Only us eccentric Brits could come up with an event called Beer & Buses – but that is exactly what took place on the Isle of Wight at the weekend.
The French have their wines from many regions, but we have wonderful ales with distinctive flavours.
The weekend proved that real ale is not just for older gentlemen with beards.
Then again, beards are very fashionable right now and we all know a lady prefers the more mature man!
The idea was to take visitors in search of the perfect pint all over the island, to its many rural pubs that are not greatly served by public transport.
Transporting them would be a fleet of vintage buses from all over the UK as well as from the island, some of which I’m sure people would have travelled to school on back in the day.
Portsmouth was very well represented with two beautifully-preserved green Southdown double deckers ferrying people to the far-flung corners of the island.
My hope is that real ale becomes trendy, as happened with cider.
We have such a wide variety of ales from all over the county, with some brewed right on the doorstep.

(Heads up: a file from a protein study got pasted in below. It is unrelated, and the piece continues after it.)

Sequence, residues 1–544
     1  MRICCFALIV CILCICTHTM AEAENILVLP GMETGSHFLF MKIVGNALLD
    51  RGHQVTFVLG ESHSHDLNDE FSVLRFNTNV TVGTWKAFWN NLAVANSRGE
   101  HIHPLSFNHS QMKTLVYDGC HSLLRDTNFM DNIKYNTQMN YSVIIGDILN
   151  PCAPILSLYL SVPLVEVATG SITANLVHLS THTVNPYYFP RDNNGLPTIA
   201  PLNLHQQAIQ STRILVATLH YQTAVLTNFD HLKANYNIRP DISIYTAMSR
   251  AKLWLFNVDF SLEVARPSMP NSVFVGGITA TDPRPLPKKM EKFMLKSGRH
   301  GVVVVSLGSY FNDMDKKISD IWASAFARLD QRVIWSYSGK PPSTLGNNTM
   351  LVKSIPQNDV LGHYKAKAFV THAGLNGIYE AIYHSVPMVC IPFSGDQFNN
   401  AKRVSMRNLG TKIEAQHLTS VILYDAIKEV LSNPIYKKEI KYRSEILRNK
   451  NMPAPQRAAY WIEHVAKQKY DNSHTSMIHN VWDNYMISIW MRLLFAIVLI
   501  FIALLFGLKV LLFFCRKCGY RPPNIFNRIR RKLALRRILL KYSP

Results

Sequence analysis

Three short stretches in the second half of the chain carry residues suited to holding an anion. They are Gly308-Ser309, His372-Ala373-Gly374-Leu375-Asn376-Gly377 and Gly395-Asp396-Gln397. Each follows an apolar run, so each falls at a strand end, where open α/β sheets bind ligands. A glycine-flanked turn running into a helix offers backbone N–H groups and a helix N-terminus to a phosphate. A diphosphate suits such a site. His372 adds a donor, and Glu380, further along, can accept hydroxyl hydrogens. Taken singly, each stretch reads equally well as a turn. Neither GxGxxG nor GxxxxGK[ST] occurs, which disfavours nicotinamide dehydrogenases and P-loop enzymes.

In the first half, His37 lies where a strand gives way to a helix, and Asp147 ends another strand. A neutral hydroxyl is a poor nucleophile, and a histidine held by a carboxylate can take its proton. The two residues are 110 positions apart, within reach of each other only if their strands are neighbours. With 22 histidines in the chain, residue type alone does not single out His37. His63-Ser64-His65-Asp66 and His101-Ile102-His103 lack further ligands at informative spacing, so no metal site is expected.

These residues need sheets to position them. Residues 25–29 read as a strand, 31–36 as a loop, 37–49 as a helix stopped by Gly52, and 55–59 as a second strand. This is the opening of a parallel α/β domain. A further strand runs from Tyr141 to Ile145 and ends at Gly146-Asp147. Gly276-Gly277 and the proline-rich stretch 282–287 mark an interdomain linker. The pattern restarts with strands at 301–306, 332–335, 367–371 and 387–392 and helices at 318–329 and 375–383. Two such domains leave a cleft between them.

There is nothing better for me while enjoying a pint of Hole Hearted than knowing it’s brewed in my home town of Gosport.
Much better than a gassy, bloating lager from Australia or America.
The weekend proved to be a massive success, with many ‘real alers’ enjoying their trip back in time on board a ‘proper’ bus.
Meanwhile the local anoraks enjoyed seeing some unusual buses on the island.
Maybe I should organise an event like this for Portsmouth?
From The Churchillian to the Bat & Ball all the way down to the Still & West, travelling in a 1960s Southdown Leyland PD3. What a combination.
What struck me about the weekend is that ale is definitely growing in popularity with the younger generation.
They like the fact it’s individual and much more interesting than a pint of Carling or Heineken.
Time to ask for a pint of Invincible and break away from the boring norm.